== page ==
This is where the target makes a counter offer to acquire the shares of the predator. This is only possible if the two firms are almost equally strong. The counter offer will reduce the advances of the predator.
(3) Shark repellents
This involves making super majority amendments in articles of the firm such that the acquisition or take over must be supported by a super majority, that is, 80% of the members.
(4) Litigation and legal redress
This is where the target can apply to the regulatory authority to justify that the acquisition will make the predator a monopoly therefore breaking the anti-trust and anti-monopolist laws.
(5) The use of golden parachutes
Golden parachutes are the generous retirement packages to be granted to the management and employees of the target if the firm is taken over. This will significantly reduce the value of the target.
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Financing the acquisition or methods of purchase consideration during mergers and acquisitions
For the predator to acquire the target, the payment/ purchase consideration may take the following form:
(1) Share for share exchange
This is where the predator will be given a number of shares for every share of the target acquired. This is called the exchange ratio. In this method, the shareholders of the target become the shareholders of the predator.
Implications of share for share exchange
- It conserves the cash of the predator since there is no cash outflow.
- There is increase in the order share capital of the predator therefore reduction in gearing.
- The predator has to pay a premium to acquire the shares of the target.
- It dilutes the ownership and control of the predator since the shareholders of the target become the shareholders of the predator.
(2) Use of cash
This is where the shareholders of the target receive a cash payment and surrender their shares to the predator.
The implications of using cash to acquire a target are:
- A large cash outflow which may cause liquidity problems to the predator.
- The shareholders of the target receive a huge capital gain but completely lose their shareholding in both the predator and the target.
Use of convertible securities
In this case, the shareholders of the target surrender their shares and become either debenture holders or preference shareholders. They will continue receiving interest income or preference dividends from the predator.
The implications of using convertible securities are:
- Conservation of cash on the part of the predator.
- Increase in gearing on the predator due to issue of fixed returns securities.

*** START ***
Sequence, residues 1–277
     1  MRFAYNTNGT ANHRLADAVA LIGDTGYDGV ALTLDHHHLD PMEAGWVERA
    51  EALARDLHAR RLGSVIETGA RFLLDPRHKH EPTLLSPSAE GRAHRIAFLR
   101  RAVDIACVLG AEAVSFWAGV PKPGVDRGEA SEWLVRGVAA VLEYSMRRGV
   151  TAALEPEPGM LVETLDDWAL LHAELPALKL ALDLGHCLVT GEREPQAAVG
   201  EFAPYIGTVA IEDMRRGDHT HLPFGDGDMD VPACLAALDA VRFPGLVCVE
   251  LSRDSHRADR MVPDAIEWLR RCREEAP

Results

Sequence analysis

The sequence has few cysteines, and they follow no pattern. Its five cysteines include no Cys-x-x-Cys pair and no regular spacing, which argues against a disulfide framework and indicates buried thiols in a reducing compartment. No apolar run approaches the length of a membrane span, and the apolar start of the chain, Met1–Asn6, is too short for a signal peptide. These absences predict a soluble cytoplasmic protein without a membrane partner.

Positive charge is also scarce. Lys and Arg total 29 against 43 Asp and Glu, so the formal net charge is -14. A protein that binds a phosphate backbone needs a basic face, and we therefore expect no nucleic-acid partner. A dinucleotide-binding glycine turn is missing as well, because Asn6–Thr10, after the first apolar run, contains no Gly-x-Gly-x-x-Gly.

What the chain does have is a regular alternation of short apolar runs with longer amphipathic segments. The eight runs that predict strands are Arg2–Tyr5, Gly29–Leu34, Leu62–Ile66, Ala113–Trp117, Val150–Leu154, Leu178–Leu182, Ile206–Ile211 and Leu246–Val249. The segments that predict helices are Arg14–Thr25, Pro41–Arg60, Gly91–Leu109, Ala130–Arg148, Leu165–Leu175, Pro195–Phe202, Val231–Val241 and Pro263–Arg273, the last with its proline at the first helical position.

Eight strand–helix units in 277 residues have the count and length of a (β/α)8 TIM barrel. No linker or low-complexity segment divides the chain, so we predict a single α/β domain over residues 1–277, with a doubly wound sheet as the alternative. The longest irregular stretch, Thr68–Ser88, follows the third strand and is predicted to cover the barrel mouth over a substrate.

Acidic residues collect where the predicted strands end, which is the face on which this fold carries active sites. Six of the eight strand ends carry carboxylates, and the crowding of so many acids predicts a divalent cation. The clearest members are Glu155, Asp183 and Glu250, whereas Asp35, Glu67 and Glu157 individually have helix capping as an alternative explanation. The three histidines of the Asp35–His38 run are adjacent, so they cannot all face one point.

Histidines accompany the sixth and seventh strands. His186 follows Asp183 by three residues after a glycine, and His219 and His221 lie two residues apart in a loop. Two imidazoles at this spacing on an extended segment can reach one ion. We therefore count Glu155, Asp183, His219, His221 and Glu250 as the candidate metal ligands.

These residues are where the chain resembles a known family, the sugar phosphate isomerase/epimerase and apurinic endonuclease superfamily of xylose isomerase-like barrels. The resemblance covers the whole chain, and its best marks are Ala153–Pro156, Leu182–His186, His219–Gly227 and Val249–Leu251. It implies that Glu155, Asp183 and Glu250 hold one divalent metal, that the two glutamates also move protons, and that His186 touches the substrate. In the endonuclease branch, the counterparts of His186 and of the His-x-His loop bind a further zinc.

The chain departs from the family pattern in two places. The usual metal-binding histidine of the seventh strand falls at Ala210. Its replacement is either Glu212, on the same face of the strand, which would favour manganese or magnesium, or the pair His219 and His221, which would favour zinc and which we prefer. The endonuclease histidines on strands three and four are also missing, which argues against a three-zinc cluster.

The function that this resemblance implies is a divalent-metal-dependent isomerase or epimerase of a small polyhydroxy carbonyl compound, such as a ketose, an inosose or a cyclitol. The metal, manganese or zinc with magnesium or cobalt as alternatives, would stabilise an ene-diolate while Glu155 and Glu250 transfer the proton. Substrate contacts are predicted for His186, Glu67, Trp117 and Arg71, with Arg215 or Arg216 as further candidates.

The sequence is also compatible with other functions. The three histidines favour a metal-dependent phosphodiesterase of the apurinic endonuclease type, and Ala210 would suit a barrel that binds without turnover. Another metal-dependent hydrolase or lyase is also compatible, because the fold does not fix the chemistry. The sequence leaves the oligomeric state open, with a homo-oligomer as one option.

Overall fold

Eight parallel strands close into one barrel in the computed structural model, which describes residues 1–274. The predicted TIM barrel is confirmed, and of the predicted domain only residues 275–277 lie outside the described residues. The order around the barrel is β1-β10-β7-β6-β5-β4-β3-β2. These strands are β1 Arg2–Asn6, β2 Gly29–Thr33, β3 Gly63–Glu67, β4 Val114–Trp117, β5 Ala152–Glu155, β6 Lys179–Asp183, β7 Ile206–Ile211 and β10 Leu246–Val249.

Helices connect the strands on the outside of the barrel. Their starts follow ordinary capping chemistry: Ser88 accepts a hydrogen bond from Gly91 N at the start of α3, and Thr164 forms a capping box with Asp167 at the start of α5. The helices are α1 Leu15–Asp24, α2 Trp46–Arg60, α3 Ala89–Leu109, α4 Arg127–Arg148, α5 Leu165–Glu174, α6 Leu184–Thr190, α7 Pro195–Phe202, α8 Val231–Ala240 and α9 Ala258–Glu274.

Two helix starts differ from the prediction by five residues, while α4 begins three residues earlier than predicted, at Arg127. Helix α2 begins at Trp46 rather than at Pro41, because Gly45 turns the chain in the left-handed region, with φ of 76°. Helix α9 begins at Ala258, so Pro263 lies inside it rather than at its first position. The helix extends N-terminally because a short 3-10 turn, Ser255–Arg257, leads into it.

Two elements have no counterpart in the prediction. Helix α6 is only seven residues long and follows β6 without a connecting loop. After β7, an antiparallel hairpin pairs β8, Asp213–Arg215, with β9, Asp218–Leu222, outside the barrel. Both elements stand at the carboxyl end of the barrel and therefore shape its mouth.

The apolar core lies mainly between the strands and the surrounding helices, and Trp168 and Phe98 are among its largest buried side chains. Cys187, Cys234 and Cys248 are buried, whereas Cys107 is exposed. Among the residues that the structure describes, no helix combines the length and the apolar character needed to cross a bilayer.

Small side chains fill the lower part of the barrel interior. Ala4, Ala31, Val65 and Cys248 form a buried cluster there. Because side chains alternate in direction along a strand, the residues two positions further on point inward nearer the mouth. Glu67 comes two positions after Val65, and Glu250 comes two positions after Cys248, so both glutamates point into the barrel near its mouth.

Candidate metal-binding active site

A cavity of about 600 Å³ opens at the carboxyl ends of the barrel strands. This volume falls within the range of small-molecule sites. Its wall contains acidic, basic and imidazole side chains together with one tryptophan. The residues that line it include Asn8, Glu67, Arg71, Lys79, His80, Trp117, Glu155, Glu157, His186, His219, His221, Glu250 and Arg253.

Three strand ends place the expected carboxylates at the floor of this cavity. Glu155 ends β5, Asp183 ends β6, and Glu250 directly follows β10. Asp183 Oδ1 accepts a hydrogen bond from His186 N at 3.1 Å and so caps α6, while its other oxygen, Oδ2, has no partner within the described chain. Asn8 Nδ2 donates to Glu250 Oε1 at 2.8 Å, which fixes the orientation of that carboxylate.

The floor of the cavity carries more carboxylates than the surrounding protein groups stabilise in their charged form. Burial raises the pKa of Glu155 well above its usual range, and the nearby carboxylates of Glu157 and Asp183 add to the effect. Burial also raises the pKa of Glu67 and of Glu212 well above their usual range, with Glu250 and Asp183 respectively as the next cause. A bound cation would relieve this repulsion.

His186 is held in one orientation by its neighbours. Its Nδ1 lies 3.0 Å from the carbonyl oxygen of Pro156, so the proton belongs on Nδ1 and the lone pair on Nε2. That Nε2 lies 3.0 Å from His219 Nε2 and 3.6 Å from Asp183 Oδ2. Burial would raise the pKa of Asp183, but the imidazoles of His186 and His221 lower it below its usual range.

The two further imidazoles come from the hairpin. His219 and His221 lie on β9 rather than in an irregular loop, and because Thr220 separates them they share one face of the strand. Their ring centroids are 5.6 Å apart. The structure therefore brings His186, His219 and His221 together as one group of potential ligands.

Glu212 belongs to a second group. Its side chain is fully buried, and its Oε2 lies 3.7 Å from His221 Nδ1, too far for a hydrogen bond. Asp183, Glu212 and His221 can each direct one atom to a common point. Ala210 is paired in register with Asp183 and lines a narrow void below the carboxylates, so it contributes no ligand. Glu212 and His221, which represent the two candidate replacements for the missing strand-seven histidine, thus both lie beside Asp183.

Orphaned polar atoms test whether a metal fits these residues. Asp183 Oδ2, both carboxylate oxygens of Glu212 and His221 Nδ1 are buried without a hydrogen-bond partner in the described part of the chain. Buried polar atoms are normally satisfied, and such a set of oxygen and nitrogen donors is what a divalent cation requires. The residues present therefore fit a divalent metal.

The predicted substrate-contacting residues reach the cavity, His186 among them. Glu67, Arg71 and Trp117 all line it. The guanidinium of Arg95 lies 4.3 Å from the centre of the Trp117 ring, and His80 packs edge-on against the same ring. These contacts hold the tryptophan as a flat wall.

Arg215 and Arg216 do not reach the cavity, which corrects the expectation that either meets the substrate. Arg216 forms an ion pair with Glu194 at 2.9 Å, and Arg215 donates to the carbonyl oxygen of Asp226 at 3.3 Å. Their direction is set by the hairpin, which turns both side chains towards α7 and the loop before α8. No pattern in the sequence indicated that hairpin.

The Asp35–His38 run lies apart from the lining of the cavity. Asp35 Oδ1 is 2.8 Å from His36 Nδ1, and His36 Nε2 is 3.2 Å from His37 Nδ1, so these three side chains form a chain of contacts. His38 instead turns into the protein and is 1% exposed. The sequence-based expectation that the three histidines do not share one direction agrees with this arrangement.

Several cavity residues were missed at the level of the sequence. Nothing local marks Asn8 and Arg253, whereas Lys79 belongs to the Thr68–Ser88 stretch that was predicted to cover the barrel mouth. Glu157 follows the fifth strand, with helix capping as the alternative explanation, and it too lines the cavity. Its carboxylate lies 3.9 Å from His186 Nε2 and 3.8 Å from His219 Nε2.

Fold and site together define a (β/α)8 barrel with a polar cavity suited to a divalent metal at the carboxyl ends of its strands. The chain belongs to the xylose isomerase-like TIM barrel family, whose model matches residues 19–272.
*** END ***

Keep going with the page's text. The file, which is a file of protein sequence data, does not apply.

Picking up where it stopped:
- There is no dilution in ownership and control of the predator since new shares are issued.
- The shareholders of the target will lose their ownership in the predator and will only become debenture or preference shareholders.
- The predator will gain interest tax shield since interest charges are tax allowable.
(4) Combination of any of the three types of considerations above.
Value gaps and why they arise in mergers and acquisitions
These arise from the fact that market values of firms acquired typically fall short of the value that actual bidders would place on them.
Reasons why value gaps arise in mergers and acquisitions
Poor financial management
The headquarters may be following poor financing or dividend policies.
Over enthusiastic bidding
Assessments of the bidding company management may not have been correct or shrouded by other reasons such as development.
Stock market inefficiency
The market may fail to assess the full value of a business because it is out of favor.
Stages of merger analysis during mergers and acquisitions
- (1) Merger planning
- (2) Searching and screening
- (3) Financial evaluation
1. Merger planning
The predator should review its corporate objectives of acquisition in light of its strength and weaknesses. It should evaluate all of its businesses to identify those that need to be added and those to be dropped.
2. Searching and screening
This involves searching for a possible candidate for acquisition and short listing a few from any available depending on objectives to be attained.
3. Financial evaluation
This helps to determine the areas of risk, maximum amount payable for acquisition, and the best means of financing the merger.
Steps in financial evaluation in mergers and acquisitions
(1) Identify post-merger growth and profitability assumptions and scenarios.
(2) Project the cash flows magnitudes and their timings.
(3) Estimate the required rate of return desired.
(4) Compute the net present value for each scenario.
(5) Decide whether the acquisition is profitable on the basis of NPV criterion.
(6) Determine the best method that should be used to finance the merger. That is the method that produces the highest post-merger earnings per share.